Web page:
The search-for-Al-Qaeda exposÚs hit a strange turn with Michael Winterbottom
and Mat Whitecross
' The Road to Guantanamo. A mockumentary that is supposed to be taken dead seriously, we are thrown into a small hell of assumption and horror that often reaches for, but never really matches, the sneaked Guantanamo footage or any of the thousand torture videos produced by either side in the lengthy war campaign. It's a stinger, but it has the taste and smell of plastic.
On a road trip to meet his bride, Asif (Arfan Usman
) finds himself in need of a new best man and groomsmen when his best friend cops out on him. Ruhel (Farhad Harum
) accepts it and their friends Monir and Shafiq take on the groomsmen positions on the road trip to meet his future (arranged) wife. On their way, they decide to take a bus to Afghanistan, for no other reason then to help spread peace. They hit the border and a bomb explodes, setting off a terrible series of events: Monir gets lost, the remaining three bump into Northern Alliance soldiers who believe they are Pakistanis (read: terrorists) and send the lot of them to Guantanamo. Winterbottom and Whitecross go all-out to show the inhumanity of the tortures and tricky games that the three men are put through before they are let out. Article continues below
Winterbottom is playing the party line here, but whether this is a bad thing or an acceptable thing comes as a mighty big quandary. Up until now, Winterbottom oeuvre has been wonderfully spasmodic, swinging without care from the punch-in-the-gut realism of In This World to the stunning '80s post-punk-to-rave masterpiece 24 Hour Party People to the mesmerizing Tristram Shandy. Road to Guantanamo seems to want to be like In This World, but its presuppositions and tendencies towards extremes, as true as they might be, suck out the soul of the film.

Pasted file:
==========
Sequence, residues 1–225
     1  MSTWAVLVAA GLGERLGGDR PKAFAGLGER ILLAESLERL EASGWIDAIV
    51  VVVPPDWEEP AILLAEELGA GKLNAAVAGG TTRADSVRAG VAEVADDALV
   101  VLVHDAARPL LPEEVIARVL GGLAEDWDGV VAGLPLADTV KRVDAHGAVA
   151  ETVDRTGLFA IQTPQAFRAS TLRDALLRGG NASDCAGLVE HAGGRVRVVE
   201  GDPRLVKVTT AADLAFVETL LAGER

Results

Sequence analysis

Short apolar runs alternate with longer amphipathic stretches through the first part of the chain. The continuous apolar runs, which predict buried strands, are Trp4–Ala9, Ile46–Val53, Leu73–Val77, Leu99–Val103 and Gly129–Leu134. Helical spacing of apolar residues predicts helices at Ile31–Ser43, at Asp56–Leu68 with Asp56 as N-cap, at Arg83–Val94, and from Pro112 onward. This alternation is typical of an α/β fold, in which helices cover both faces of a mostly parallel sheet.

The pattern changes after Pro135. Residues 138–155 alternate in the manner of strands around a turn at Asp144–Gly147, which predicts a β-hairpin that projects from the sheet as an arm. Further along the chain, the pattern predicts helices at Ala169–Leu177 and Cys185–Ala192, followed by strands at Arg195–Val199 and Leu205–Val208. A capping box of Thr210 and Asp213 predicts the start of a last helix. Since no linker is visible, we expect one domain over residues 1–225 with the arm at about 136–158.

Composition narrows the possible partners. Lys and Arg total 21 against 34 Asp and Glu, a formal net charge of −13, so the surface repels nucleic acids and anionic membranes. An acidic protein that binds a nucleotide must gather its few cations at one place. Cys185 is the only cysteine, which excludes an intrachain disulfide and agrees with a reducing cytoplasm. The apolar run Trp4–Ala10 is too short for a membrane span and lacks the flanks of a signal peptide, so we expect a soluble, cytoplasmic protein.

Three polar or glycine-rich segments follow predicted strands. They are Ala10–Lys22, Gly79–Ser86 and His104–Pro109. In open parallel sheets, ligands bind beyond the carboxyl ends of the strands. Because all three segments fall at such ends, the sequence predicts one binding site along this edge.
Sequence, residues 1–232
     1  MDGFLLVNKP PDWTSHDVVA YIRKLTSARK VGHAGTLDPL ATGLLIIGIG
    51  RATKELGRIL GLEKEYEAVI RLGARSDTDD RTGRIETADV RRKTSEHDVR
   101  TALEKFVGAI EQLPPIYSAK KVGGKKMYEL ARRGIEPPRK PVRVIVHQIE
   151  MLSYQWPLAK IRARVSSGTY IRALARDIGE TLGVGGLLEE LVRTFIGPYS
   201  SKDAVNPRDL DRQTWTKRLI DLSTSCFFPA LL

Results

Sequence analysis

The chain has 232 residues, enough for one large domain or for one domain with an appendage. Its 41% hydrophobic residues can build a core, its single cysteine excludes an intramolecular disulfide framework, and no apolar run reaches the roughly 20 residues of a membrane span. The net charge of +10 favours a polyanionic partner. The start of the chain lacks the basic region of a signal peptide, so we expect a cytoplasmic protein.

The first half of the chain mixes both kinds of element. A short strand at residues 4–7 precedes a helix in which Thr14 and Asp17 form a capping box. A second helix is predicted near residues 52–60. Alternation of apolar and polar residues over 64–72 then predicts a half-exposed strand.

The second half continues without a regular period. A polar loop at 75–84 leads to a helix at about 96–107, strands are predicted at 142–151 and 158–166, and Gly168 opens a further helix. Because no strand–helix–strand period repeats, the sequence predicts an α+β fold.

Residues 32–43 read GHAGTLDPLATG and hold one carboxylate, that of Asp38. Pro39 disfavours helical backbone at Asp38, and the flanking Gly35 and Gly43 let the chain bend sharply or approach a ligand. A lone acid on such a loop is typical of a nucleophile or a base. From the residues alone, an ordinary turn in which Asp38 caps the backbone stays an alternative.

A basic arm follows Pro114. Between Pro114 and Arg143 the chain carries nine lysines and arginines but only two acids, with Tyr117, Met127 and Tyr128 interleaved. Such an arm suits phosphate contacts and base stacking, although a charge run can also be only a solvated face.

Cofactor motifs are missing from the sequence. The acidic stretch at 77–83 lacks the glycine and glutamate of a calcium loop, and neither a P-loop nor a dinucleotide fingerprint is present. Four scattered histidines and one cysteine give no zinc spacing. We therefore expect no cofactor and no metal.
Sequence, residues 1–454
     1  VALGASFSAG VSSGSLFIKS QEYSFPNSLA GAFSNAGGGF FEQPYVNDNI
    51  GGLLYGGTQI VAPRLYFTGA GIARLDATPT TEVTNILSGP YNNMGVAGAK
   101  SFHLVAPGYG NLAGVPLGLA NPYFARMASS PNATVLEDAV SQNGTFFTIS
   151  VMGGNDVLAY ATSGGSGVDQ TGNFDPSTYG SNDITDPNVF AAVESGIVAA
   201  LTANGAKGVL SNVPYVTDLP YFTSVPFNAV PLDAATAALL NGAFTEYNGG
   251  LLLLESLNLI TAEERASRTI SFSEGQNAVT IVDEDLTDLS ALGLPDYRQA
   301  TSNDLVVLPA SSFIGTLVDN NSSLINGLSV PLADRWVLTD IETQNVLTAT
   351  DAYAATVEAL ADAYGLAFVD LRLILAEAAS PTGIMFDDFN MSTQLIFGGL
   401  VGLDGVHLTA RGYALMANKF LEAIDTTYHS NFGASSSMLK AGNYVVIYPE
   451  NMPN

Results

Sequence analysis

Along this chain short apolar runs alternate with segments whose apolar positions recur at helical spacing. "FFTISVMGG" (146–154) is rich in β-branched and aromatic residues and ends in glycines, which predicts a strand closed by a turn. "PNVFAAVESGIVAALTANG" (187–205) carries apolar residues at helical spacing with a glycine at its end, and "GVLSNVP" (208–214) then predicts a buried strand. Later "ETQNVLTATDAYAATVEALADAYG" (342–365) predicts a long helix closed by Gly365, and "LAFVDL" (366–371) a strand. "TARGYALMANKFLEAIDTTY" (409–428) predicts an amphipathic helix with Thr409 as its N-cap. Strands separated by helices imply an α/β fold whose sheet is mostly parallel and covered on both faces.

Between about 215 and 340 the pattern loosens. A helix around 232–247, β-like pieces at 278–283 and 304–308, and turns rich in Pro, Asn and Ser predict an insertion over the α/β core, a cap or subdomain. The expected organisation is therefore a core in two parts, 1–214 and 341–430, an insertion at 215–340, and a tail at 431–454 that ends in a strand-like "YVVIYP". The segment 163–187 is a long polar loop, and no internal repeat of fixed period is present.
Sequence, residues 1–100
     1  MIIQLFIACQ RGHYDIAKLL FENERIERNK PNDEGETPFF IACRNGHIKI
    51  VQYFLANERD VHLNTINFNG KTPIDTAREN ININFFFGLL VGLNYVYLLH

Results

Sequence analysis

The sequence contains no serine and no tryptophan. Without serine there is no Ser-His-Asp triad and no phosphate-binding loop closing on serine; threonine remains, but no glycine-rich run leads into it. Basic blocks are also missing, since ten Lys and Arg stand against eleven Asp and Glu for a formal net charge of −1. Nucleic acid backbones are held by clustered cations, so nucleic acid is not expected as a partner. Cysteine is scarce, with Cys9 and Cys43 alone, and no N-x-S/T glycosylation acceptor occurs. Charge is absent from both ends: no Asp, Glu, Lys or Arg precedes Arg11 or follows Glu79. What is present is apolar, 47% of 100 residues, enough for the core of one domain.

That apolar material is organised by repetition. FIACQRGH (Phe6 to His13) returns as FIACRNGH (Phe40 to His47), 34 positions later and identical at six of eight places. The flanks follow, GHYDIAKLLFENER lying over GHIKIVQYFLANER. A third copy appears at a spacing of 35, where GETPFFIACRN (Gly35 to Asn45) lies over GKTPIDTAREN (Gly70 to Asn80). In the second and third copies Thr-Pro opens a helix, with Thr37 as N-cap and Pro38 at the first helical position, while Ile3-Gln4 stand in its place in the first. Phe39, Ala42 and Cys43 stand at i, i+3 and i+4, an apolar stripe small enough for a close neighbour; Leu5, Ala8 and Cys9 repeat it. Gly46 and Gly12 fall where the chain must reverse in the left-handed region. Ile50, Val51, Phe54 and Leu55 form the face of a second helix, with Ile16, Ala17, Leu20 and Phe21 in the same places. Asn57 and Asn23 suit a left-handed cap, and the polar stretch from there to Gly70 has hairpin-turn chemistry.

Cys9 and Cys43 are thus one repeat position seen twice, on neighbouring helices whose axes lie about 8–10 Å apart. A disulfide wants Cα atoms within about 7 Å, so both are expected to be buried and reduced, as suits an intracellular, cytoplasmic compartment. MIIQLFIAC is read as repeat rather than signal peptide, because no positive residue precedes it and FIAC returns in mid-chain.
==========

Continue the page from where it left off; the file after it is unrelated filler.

The film works as an exercise: contemplating the possibilities and the ridiculousness of these current torture camps. The scene where the interrogator tries to tell the three men that they are obviously on a video of a rally for Osama Bin Laden teeters between horror and dark comedy so well that you'll find yourself looking around to see how others react. But the characters, though acted well by all three men, somehow get lost in the thralls of showing how terrible these torture camps can be. Maybe the point was to suffocate with torture: to give the audience such a grueling session that they suddenly jump up and scribble "No Blood for Oil" on their chest and buy a Good Bush/Bad Bush T-shirt. If that is Winterbottom and Whitecross' charge, then it seriously lacks in gravity and it shows no sign of balance or experimentation.
As strange and unbalanced as it is, Guantanamo seems like an appropriate addition to Winterbottom's assemblage; that small brown beauty mark that make his work far from peerless but also distinguishes it as far more rambunctious than most. You also have to give kudos to Winterbottom and Whitecross for making a depressing movie with a "Road to..." title. Actually, I take that back, The Road to El Dorado made me want to kill myself.